With great excitement, we opened our gates on to welcome our first session and full summer campers. After the last of the buses from the airport arrived, Israeli music playing from the loudspeaker lured everyone to the Kikar – the grassy field in front of our Chadar Ochel (Dining Hall). Without any instruction necessary, our community burst into dance! Each summer, I marvel at the “muscle memory” – not just that the kids recall all the complicated dance steps, but that the kids remember how to express a sense of uninhibited Jewish joy. And our veteran campers remember, before we even have a chance to remind them, that this is a warm and welcoming community; it is touching to watch as new campers, who haven’t even been taught the dances yet, are quickly brought into the mix by bunk-mates. Everyone follows along and quickly gets swept up in the fun.
We have already experienced many of the distinctive rituals and traditions at Camp Ramah Darom. Our first dinner was Southern Fried Chicken – comfort food after a long day of travel. (Of course, there are always great vegetarian options too.) We then gathered in our amphitheater to welcome everyone and sing our official Camp song, “Drishat Shalom.” The second verse of this song lists all the states throughout the Southeast from which our campers come. Kids shout extra-loud when their own home-state is mentioned and, through singing, we’re also celebrating how Ramah gathers kids from across this sprawling region. Campers from New Orleans, LA become share bunk-beds with kids from Greensboro, NC and campers from Austin, TX become best friends with kids from Miami, FL. This year, the honor of changing the official Camp clock to “Camp Time” was bestowed upon the fasting growing Ramah Darom community: Memphis, TN.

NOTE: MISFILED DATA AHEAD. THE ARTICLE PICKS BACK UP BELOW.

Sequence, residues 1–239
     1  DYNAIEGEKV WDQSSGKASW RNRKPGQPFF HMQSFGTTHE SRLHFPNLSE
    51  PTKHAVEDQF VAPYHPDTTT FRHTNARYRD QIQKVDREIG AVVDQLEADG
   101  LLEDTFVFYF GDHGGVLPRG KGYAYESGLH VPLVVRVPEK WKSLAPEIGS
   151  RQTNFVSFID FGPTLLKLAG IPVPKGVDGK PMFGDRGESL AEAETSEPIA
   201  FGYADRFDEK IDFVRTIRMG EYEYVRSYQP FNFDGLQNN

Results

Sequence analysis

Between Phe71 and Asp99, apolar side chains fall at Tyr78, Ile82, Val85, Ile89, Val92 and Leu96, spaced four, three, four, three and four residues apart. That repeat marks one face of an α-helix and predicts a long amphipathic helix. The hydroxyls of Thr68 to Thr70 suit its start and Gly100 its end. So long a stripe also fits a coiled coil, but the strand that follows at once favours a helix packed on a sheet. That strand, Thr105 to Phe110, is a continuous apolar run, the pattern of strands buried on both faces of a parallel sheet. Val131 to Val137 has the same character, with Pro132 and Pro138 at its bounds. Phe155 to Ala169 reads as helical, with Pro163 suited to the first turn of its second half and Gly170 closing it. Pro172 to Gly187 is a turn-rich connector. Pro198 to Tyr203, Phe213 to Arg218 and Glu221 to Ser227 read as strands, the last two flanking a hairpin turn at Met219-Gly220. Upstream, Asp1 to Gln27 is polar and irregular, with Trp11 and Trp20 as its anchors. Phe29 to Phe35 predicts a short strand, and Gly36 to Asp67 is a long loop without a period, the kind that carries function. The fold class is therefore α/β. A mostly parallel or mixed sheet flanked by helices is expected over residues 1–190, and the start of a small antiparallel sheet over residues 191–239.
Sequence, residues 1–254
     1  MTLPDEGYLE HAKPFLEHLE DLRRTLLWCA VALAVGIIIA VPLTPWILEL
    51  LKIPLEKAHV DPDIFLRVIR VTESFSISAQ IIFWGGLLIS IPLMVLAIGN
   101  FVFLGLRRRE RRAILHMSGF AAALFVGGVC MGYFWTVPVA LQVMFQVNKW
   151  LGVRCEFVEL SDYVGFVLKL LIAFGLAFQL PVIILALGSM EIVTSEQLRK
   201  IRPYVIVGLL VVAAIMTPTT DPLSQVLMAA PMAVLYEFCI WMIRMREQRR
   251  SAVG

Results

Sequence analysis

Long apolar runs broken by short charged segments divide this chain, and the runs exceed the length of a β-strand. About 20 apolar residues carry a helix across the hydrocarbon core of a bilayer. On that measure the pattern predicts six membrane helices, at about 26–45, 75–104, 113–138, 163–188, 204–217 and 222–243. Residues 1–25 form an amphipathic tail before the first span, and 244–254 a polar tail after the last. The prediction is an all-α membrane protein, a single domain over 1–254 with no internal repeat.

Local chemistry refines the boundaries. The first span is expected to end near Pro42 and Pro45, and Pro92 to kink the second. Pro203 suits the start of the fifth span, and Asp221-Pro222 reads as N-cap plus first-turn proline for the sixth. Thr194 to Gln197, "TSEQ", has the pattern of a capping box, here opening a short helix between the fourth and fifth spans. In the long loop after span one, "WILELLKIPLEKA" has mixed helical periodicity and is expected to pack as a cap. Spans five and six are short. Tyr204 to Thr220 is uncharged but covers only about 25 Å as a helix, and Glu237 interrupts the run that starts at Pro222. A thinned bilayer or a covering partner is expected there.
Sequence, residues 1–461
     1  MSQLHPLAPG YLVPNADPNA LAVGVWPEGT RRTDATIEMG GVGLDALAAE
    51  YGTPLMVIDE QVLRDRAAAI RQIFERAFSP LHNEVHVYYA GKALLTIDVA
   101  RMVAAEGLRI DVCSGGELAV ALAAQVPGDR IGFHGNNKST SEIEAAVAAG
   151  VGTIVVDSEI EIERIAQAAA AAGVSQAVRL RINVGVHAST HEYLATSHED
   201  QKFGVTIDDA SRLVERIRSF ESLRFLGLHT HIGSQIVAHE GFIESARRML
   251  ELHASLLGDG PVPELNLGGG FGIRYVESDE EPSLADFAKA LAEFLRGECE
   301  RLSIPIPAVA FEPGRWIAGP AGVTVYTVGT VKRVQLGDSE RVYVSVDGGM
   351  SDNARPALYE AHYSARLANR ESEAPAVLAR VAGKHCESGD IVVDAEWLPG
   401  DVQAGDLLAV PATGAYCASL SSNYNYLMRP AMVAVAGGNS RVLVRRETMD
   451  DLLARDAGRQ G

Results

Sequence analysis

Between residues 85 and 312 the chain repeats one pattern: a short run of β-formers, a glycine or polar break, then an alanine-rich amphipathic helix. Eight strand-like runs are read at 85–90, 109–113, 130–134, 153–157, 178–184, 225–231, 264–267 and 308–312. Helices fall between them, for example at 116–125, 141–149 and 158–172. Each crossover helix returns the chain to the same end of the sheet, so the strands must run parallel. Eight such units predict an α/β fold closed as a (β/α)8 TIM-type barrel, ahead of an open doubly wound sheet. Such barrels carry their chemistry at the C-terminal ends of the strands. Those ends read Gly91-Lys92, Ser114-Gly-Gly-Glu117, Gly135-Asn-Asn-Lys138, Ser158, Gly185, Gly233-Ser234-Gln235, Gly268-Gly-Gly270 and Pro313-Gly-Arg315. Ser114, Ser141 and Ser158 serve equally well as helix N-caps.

This week, campers took their swim tests and began sports instruction. They have made their way to the omanut (art) and met the goats and chickens. And, each Aidah (age-division), as well as each Bunk, played ice breaker games to get to know everyone’s name and build a sense of community.
During our first Shabbat together, we gathered in our amphitheater. Gesher, our oldest Aidah (11th grade) performed a song to set the mood for this special day and we lit candles to usher in Shabbat – a day filled with many more Camp rituals and traditions from the Mississippi mud brownies that we serve for dessert on Friday nights to the signature, spirited Havdallah and dancing with which we begin each new week.
At Havdallah, we wish each other “Shavua Tov!” – offering blessings for a good week ahead. “Shavua Tov” is also the name our campers in Nivonim (10th grade) have given to a new weekly video series that they are producing. We are excited to take the tradition of sharing a video recap of the week and empower our campers to make it their own. As the name suggests, we’ll be releasing each episode to the public after Shabbat.
Shavua Tov and we hope you enjoy Episode 1: Your Ramah Moment